Reflections on epistemological pluralism: Not either/or but either/and
Main Article Content
The editorial reviews the articles of this edition, which employ a range of research methodologies and look at very different topics in Lesotho, Zimbabwe and South Africa, as well as broader-ranging issues in West Africa and the continent,. The range of topics and methodologies reflects something of the journal’s multi- and interdisciplinary ambitions, the editor argues. Appropriately, the idea of epistemological pluralism is a major feature of thinking about research in the African context. The challenges facing African governance currently – and indeed, in the foreseeable future – require a wide range of research insight and, consequently, of epistemologies and their associated methodologies for governance to be effective. Yet the idea of epistemological pluralism is frequently misunderstood or misdirected. Too often in the postcolonial context, a binary opposition between continental forms of knowledge is adopted, while often too, "Western" research is projected as being based on a narrow positivism that has long since been superseded. The editor concludes by urging that epistemological pluralism, if it is to mean anything, must be genuinely inclusive.
Adésínà, J. O. (2002). Sociology and Yorùbá Studies: Epistemic intervention or doing sociology in the “vernacular”? African Sociological Studies, 6(1), 91–114.
Ahenakew, C. (2014). Indigenous epistemological pluralism: Connecting different traditions of knowledge production. Canadian Journal of Native Education V, 37(1), 148–164.
Bevir, M. (2012). A history of modern pluralism. In M. Bevir (Ed.), Modern Pluralism: Anglo-American Debates Since 1880. Cambridge University Press.
Choi, N. (2018). Berlin, analytic philosophy, and the revival of political philosophy. In J. L. Cherniss & S. B. Smith (Eds.), The Cambridge Companion to Isaiah Berlin. Cambridge University Press.
Davies, E. B. (2006). Epistemological pluralism. King’s College, London.
Denzin, N. K., & Lincoln, Y. (Eds.). (2005). The SAGE Handbook of Qualitative Research (3rd ed.). SAGE.
Ganeri, J. (2019). Epistemic pluralism: From systems to stances. Journal of the American Philosophical Association, 5(1), 1–21. https://doi.org/10.1017/ apa.2018.34
Gran, G. (1986). Beyond African famines: Whose knowledge matters? Alternatives, XI, 275–296.
Jegede, O. J. (1995). Collateral Learning and the Eco-Cultural Paradigm in Science and Mathematics Education in Africa. Studies in Science Education, 25(1), 97– 137. https://doi.org/10.1080/03057269508560051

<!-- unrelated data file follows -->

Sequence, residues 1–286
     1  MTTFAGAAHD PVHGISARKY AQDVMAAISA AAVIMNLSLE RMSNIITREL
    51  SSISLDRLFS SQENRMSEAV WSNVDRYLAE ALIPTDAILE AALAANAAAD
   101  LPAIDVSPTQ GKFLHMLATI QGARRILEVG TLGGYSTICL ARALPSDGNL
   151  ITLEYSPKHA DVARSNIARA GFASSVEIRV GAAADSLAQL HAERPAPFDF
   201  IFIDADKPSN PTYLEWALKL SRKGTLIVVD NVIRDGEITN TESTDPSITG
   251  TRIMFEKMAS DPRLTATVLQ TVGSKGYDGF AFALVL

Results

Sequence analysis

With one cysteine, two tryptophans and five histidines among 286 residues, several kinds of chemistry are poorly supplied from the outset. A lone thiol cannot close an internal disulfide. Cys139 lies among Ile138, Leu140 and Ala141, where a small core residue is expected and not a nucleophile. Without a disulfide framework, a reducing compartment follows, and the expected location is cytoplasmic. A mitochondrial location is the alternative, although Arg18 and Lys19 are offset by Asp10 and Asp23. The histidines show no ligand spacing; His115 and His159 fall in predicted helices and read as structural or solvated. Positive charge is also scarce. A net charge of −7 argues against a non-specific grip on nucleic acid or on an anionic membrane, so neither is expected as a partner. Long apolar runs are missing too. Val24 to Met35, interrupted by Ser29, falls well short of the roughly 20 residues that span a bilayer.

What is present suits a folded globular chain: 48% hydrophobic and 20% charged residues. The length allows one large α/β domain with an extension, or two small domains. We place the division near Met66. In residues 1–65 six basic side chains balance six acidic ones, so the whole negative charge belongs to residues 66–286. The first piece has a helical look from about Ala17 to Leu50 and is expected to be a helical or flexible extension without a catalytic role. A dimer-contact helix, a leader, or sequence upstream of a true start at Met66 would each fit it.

Kovach, M. (2015). Emerging from the margins: Indigenous methodologies (S. Strega & L. Brown (Eds) Research as Resistance – Revisiting critical, indigenous and anti-oppressive approaches, pp. 43–64). Canadian Scholars’ Press Inc.
Malik, K. (2000). Universalism and difference in discourses of race. Review of International Studies, 26, 155–177.
Moyo, L. (2020). Decolonial Research Methodologies: Resistance and Liberatory Approaches. In The Decolonial Turn in Media Studies in Africa and the Global South (pp. 187–225). Palgrave Macmillan.
Nwosimiri, O. K. (2019). Epistemology in African Philosophy: A Critique of African Concepts of Knowledge [PhD]. University of KwaZulu-Natal.
Pomper, P. (2005). The history and theory of empires. History and Theory, 44(4), 1–27.
Rayner, S. (2012). Uncomfortable knowledge: The social construction of ignorance in science and environmental policy discourses. Economy and Society, 41(1), 107–125.
Said, E. W. (1994). Culture and Imperialism (1st ed.). Vintage Books.
Táíwò, O. (2022). Against Decolonization: Taking African Agency Seriously. Hurst.
Tarascio, V. J. (1975). Intellectual history and the social sciences: The problem of methodological pluralism. Social Science Quarterly, 56(1), 37–54.
Teffo, L. (2011). Epistemic pluralism for knowledge transformation. International Journal of African Renaissance Studies – Multi-, Inter- and Transdisciplinarity, 6(1), 24–34. https://doi.org/10.1080/18186874.2011.592388
Vidich, A. J., & Lyman, S. M. (2000). Qualitative methods – Their history in sociology and anthropology. In N. K. Denzin & Y. Lincoln (Eds.), Handbook of Qualitative Research (2nd ed., pp. 23–46). SAGE.